Background:  I play all positions (D and F) depending on what's needed, but my overall game is about speed.  I'm not often going to put a puck through a defenders' triangle but I'm going to wheel around guys and weave through them.  My legs create space.  In terms of shooting I mostly use snapshots and wrist shots.  I'm about 5'8" and 165.  My sticks have consistently been cut to between my lips when standing in socks.   Previous Sticks: Warrior QRE Warrior QRL Warrior HD1 True A6.0 SBP CCM Super Tacks Easton CX Easton V9E Easton V9 Stick Specs: 75 Flex Grip P28 Preface:  It's possible you've read my other stick review about the Warrior QR Edge stick, but if not I'll start this by saying that I'm a loyal Warrior hockey stick patron.  Please keep that in mind when reading through my review as I want to be forward that I do really like Warrior sticks.  I will certainly try to keep things as impartial as possible, but my bias might sneak through every once in a while.  The stick line I've been consistently using for the last few years has been the Warrior Covert line.  I've used a Widow for a very short time, the DT1, the QRL.  That said, every once in a while I've tried out some mid/high kick sticks as well as I've had some good experiences with the way they shoot and overall solid feeling (Bauer Total One, 1st Gen CCM tacks stick, Easton Synergy HTX before the blade fell apart, Warrior HD1) Blade:  I think that this blade has some really great characteristics;  To me it feels like it's livelier in terms of it's pop and spring, but manages to have a bit of a dampened feel to it.  Where I feel that if you were to fire a puck at a Covert blade it might go pinging off, the blade on the QX might be able to absorb a bit of that energy and hold onto the puck.  The interesting part is that it uses the same HardcoreX foam as the QRL (The QRE uses a SoftcoreX foam).  It might just be my perception, but I could also see the responsiveness of the low kick taper contributing to the lively feeling of the blade.  A mid kick, with all of it's characteristics about maximum energy loading through the middle of the shaft, could work the same way while receiving energy from the alternative end, the blade.  Not sure if my hypothesis is even close to having an effect, but it's just my gears working.  The blade has some great stiffness to it, it certainly feels like it holds up during loading and allows your blade to stay true.  For me, the slightly dampened feeling (again, this is how I felt the blade to be) contributed to some lost handles while weaving through the neutral zone.  I'd overskate or just lose feeling for where the puck was on my blade.  If I had committed myself to getting used to the feeling of this stick I'm sure that it would be fine, but I was certainly fighting it for the 3 months I was exclusively using this stick.  The stick felt more natural towards the end of my usage with it, but after going back to a Covert I had the same sloppy stickhandling when going back to the QX.   Stickhandling/Receiving Passes:  As explained above, I had some trouble at first getting used to this blade.  I do, however, think that this blade will suit a lot of people.  It's stiff, true, and overall helps contribute to positive characteristics of this stick.  Receiving passes is relatively easy with this blade.  I didn't have to cradle the puck as much as I would have to with a Covert stick.  Actually, the puck feel and pass reception remind me a lot of the Easton V9.  It had a soft feel, but certainly not a Bauer (non vapor) soft feel.  In terms of overall stick feel while stick handling I think it felt solid in my hands.  I know the Saber Taper is supposed to act as not a pure mid kick, or a pure low kick, but somewhere in between the two where you get more power and stability through the taper.  I think you can feel this while stick handling.  I've heard the criticism that certain low kick sticks feel frail in the hands.  The combination of thin, responsive taper and lively blade may create the "wet noodle" effect where the stick is almost flexing while stick handling or receiving a pass.  There's a certain consistency that I associate with more solid feeling sticks.  You know what your'e going to get out of them, you how that stick is going to feel when you get a pass, you know when you lean on it in around the boards that it's not going to fold, or brace, or react in any unexpected way.  I think, if I were to characterize the feel while stickhandling I'd describe it as consistent, and I mean that in the most positive way.   Shaft/Flex:  Warrior describes the shaft dimensions of this stick as concave sidewalls with rounded corners.  I've heard the term "dogbone" thrown around as well and I find that to be pretty accurate.  The corners round out but the middle of the shaft(front and back) sinks in, giving you a comfortable, almost ergonomic feeling in your hands.  It's not quite like a vapor shaft dimension where it's rounded and, to me, feels a bit smaller in your hands, but I could see how someone could make a comparison.  Moving down the shaft you'll find the Saber taper which, to my understanding, is not as low as a Dagger taper, but still should provide a quick release while allowing for increased power and stability when compared to the former.  From my stick experience, this reminded me of the Easton V9.  From what I remember the stick was called a mid-low kick where it was not going to be as low as a V9E, but it was not a true mid kick either.  It would allow you to load in to your stick but could still provide a quick, responsive release.  Really, that's what attracted me to give this stick a try as I had fond memories of my V9. Shooting:  While I think we all understand that puck feel and stick handling are a huge part of judging a stick, I think the "sexy" characteristics are in how the stick is going to shoot.  Goals and scoring are marketable.  Unless your Dan Girardi or Kris Russell I doubt any kid imagined blocking a shot in game 7 of the SCF to win.  I'd like to start by saying that I think that this stick, in my hands, did what it advertised.  It felt as though it loaded well, and gave me a bit more stability while loading all of that energy into the shaft/blade.  It felt like I could still get a shot off quickly when I needed to.  It felt like I could count on this stick to hold up while digging around the boards to retrieve a puck.  I say all of this while saying it does not necessarily suit my game.  I found that the stick really shined when I had time to get my hands and body over the puck and lean into a snapshot.  Unfortunately, that doesn't often happen for me and most of the time, it felt like I was using the stick to 80% of it's potential.  I don't want this to come off as, "unless you have time to dust the puck off you'll never shoot well with this stick".  In fact, I'd like to dispel that right now.  I just felt like it didn't work out for me.  I think a lot of it comes down to my shooting mechanics and the types of situations I find myself in during games.  If i was a "heavy" shooter looking for a more responsive stick I think I'd really enjoy this.  If I felt like I could "overload" a low kick or dagger taper, I'd probably like the shooting characteristics of this stick.  I am, however, neither of these things so it always felt like I was using a butcher knife to peel a carrot;  It'll get the job done but in my hands, it's the wrong tool.   Weight/Balance: The QX is listed around 410g.  I've said before that most top end sticks hover around the same place and I put a bit more stock into the balance of a stick contributing to how/why certain sticks will feel lighter in your hands than others at the same weight.  I like blade light sticks as I think it contributes to my perceived and preferred "crisp and responsive" blade feel.  The QX feels balanced in my hands but I don't quite think it felt as good in my hands as the QRL.  Again, that's my preference and the QX is a light stick with a good balance to it.  From my experience I think that Warrior hockey does a great job of making their sticks light enough, while giving the right balance to make sure that they don't feel too blade or handle heavy.  I know some defensive guys who really like having some weight (perceived weight through actual grams or balance) behind their sticks/blades for poke checking.  Same applies to heavy shooters as Force = mass x acceleration (please, physicists don't kill me over that, it makes sense in my head haha)  I think I'll bring it back to the idea that the QX just feels solid in your hands.  The weight and the way it's distributed adds to the "story" of this stick line.  I think for players who like having a stick that just feels consistent, the weight and balance of this stick help contribute to that.  I think if the weight was distributed differently it might feel like you can't depend on the stick to perform during heavy actions, ie battling in front of the net, digging for rebounds, battling for pucks in along the boards, taking faceoffs, or lifting sticks (or getting your stick lifted or slashed).   Durability:  I have never had an issue with Warrior sticks in terms of their durability.  That being said, it's possible I'm just lucky.  I'm not particularly hard on my sticks in terms of leaning heavily in to them, or digging around in the corners, or jousting with players in front of the net.  I've found the QX blade held up nicely; the blade kept its' stiffness, responsiveness, and didn't split anywhere.  The shaft, and importantly the taper, have held up well only showing cosmetic blemishes.  It hasn't "whipped out", and the stick shows no signs of failure any time soon.  Intangibles:  N/A today. Conclusion:  I'll focus more on the story the Warrior Alpha QX is trying to tell and whether or not I feel that the stick lives up to it.  To me, the Alpha line is meant for someone who wants a stick that can be a bit of a workhorse but has some finesse as well.  It can handle being heavily leaned in to but can also be responsive enough to beat a goalie who gets a clean look at your shot.  It can battle behind the net but also score the game winner.  I'm waxing poetic but if the Covert is the sniper, then the Alpha is your captain.  It has a specific profile, but it's an all around stick that does a lot of things well.  I think it loads well without sacrificing quickness.  It is, and will stay consistent in it's feel.  This stick wasn't the right tool in my hands, but  I think that there's a large portion of people out there who will benefit from the characteristics of this stick.  If i'm scoring this stick, for me it's 7 only because it just never felt right.  I was fighting the stick.  For reference, the QRL is a 10, the A6.0 SBP would be a 7, the HD1 would be an 8 (I preferred the blade feel of this stick), the V9E would be a 9, the Super  Tacks would be a 6.  I want to be very clear though, these numbers have nothing to do with performance, it has to do with my performance with the stick and it's match to me...NONE of these are bad sticks(in my opinion), they just don't fit me.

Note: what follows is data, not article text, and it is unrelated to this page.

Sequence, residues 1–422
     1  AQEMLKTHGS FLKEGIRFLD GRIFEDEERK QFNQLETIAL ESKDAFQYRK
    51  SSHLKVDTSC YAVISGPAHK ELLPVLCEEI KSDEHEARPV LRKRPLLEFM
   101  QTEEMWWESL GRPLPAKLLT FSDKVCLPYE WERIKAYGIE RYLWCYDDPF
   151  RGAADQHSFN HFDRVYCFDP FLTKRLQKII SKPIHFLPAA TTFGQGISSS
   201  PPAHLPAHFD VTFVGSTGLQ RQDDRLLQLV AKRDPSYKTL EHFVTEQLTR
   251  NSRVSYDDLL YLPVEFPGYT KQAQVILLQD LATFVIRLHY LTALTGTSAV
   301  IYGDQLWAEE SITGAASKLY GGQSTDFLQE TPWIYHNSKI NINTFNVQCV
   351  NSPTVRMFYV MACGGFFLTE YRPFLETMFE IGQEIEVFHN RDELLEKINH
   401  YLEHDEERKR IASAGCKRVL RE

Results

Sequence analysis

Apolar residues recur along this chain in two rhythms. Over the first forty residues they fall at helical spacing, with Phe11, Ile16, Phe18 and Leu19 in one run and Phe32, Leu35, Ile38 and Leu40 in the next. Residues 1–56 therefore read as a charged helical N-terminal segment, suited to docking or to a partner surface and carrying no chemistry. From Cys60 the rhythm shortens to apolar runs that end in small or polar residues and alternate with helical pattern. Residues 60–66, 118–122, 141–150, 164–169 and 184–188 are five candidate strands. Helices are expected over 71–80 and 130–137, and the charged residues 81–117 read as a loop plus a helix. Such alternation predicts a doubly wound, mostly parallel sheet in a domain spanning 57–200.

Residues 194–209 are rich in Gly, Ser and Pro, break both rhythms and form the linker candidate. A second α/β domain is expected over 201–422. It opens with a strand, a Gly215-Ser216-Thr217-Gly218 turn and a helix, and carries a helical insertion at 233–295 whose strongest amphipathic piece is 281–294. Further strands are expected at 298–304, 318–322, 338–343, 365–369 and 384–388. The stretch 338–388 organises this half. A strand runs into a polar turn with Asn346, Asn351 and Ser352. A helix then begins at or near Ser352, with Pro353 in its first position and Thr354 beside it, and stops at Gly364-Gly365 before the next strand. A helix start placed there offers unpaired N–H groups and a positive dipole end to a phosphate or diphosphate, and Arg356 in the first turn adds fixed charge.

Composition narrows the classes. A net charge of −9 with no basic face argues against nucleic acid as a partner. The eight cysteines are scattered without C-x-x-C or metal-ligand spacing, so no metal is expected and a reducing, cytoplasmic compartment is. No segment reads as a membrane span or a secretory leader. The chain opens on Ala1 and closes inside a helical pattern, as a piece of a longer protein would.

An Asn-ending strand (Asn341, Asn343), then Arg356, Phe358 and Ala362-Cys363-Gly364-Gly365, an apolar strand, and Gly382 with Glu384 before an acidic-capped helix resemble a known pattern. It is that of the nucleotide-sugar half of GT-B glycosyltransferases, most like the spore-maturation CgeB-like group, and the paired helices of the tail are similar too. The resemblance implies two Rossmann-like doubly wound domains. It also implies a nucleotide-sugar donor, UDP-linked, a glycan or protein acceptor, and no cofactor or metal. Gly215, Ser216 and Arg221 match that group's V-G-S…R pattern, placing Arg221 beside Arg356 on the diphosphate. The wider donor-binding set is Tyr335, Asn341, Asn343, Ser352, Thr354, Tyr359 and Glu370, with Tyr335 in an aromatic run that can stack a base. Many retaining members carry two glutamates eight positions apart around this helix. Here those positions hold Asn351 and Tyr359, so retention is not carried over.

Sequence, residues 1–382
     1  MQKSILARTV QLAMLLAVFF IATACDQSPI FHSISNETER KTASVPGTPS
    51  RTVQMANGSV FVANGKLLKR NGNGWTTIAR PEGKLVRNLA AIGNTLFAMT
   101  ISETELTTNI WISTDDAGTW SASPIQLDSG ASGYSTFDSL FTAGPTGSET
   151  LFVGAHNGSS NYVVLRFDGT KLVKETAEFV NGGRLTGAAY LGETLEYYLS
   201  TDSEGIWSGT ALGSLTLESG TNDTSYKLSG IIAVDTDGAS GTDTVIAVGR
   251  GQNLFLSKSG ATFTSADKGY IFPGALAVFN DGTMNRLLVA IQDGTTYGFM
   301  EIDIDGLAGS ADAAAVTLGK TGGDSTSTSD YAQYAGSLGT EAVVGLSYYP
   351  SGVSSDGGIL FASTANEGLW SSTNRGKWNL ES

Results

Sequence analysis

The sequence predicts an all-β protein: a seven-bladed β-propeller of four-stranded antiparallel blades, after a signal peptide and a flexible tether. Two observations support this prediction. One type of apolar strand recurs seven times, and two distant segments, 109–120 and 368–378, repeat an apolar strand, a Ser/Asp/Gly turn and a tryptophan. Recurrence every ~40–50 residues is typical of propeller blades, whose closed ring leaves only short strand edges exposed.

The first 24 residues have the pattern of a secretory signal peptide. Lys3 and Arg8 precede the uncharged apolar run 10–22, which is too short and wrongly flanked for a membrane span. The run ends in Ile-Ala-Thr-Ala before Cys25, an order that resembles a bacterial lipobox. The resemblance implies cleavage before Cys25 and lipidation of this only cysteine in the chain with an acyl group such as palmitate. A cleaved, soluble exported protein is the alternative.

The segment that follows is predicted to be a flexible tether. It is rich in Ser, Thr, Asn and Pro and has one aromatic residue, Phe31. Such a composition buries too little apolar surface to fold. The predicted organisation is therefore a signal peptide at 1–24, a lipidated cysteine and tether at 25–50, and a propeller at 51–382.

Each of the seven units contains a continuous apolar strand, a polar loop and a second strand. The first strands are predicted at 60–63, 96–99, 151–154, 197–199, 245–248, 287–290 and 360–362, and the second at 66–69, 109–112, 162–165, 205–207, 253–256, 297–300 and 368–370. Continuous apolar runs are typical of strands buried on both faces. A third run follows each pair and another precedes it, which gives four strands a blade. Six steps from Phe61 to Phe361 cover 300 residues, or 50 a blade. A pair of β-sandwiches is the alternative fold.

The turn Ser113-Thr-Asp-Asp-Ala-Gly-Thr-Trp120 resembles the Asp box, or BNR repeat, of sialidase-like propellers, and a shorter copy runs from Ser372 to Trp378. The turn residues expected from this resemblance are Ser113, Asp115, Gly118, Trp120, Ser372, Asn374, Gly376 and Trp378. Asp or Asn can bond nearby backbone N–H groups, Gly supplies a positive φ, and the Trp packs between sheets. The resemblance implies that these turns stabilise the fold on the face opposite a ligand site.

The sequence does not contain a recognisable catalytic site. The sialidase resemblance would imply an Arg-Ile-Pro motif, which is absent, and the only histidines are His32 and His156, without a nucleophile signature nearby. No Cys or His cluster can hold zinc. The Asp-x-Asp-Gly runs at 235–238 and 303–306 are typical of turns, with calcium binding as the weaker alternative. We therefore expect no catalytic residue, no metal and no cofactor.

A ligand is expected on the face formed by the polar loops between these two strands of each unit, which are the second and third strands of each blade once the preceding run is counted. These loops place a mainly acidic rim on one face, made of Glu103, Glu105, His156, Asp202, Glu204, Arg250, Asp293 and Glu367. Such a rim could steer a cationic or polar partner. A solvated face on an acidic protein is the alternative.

djsalerno